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A study by McCann et al. (2007) concluded that exposure to a diet with two mixtures of four synthetic dyes, including Azorubine, plus a sodium benzoate preservative, led to increased hyperactivity in 3- to 9-year-old children. In an earlier study by the same research team, there was some evidence for effects of a mixture of four synthetic colours (including Azorubine) and sodium benzoate in 3-year-old children. (Bateman et al., 2004).
In a reproduction study, 2 groups of rats (25/sex/group) received 0 to 1% azorubine in their drinking water (equivalent to 0-500 mg/kg bw/day) for 6 months. Weight gain, mortality and general condition were similar in both groups. After 7 months the animals were mated to produce the F1 generation. After weaning, F1 offspring also received 1% Azorubine and after 4 months were mated to produce an F2 generation. No abnormalities in brood numbers or fertility were observed. The F2 generation also received 1% Azorubine for 200 days and were subsequently maintained on normal diet and water for 2 years. No adverse effects on mortality or tumour incidence were observed (Hecht, 1966). 
What are the characteristics of E 122 additive?
Azorubine consists essentially of disodium 4-hydroxy-3-(4-sulfonato-1-naphthylazo) naphthalene-1-sulfonate and subsidiary colouring matters together with sodium chloride and/or sodium sulfate as the principal uncoloured components.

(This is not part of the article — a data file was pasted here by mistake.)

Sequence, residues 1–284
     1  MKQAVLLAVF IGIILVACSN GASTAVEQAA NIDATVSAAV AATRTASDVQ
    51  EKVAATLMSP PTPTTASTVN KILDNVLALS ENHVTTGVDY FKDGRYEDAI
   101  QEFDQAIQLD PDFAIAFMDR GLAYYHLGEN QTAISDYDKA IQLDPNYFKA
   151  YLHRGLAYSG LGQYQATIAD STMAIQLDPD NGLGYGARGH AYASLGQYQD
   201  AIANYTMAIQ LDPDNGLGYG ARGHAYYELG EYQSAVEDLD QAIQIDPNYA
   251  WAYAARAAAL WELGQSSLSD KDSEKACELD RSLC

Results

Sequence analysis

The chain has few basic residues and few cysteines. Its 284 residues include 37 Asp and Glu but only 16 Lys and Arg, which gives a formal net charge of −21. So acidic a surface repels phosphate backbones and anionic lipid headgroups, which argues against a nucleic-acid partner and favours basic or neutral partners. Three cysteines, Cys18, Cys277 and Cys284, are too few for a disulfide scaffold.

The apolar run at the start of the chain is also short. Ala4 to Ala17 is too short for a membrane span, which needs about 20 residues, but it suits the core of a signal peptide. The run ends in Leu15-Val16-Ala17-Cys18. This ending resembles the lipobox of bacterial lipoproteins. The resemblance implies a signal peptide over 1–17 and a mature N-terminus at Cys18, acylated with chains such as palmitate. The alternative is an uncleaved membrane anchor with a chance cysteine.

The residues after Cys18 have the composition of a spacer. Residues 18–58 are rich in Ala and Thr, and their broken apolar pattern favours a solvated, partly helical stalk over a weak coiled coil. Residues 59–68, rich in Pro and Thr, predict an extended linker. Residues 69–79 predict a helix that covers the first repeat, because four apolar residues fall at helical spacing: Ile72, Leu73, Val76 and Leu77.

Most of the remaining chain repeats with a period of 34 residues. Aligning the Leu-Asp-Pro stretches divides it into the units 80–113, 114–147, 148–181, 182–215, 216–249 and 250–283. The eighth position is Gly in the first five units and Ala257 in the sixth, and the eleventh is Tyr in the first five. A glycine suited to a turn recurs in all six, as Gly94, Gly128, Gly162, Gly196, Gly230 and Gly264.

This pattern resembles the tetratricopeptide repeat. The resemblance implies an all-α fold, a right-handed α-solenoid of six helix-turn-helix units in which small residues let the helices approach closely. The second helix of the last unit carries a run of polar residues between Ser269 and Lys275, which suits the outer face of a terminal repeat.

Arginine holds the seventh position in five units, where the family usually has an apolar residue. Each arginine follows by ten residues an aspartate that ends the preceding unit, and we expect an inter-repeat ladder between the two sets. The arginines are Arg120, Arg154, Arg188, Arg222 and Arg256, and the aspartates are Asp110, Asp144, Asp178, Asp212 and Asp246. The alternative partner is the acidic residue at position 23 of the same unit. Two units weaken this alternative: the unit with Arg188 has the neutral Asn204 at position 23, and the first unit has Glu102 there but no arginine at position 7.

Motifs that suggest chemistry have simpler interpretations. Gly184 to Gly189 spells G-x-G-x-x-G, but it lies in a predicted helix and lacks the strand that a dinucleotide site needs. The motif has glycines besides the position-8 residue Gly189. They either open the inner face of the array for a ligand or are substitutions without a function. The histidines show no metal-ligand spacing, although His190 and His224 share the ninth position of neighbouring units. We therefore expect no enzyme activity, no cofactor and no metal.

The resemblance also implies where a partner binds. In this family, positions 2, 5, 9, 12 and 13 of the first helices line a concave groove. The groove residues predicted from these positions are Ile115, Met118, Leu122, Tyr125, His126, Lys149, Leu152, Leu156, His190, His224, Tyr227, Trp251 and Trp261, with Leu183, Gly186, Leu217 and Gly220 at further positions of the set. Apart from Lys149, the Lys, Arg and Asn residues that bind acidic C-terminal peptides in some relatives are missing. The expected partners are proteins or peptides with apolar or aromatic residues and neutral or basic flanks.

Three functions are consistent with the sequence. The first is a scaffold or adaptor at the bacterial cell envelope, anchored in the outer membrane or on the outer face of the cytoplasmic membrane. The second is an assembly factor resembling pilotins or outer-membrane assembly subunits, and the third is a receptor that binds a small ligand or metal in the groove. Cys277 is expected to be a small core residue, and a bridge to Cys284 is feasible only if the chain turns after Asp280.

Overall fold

Azorubine is described as sodium salt. Calcium and potassium salts are also permitted.
Chemical name 4-hydroxy-3-(4-sulfonato-1-naphthylazo) naphthalene-1-disodium sulfonate
Chemical formula C20 H12 N2Na2 O7 S 2
Molecular weight: 502.44
Read too:E202 – Potassium sorbate
Assay: Contains not less than 85% total colouring matters calculated as sodium salt
Description: red to brown powder or granules
Appearance of the aqueous solution: Red
Spectrometry Maximum in water at ca. 516 nm
Purity: Water insoluble matter Not more than 0,2 % Purity: Water insoluble matter
Auxiliary colouring matters Not more than 1 % Not more than 1
Read too:E407 – Caragenan
Organic compounds other than dyestuffs:
– 4-aminonaphthalene-1-sulfonic acid and 4-hydroxynaphthalene-1-sulfonic acid: in total not more than 0,5%.
– Unsulfonated primary aromatic amines: Not more than 0,01 % (calculated as aniline)
– Ether extractable substances: Not more than 0,2 % in neutral medium
Arsenic: Not more than 3 mg/kg
Plumb: Not more than 2 mg/kg
Mercury: Not more than 1 mg/kg
Cadmium: Not more than 1 mg/kg.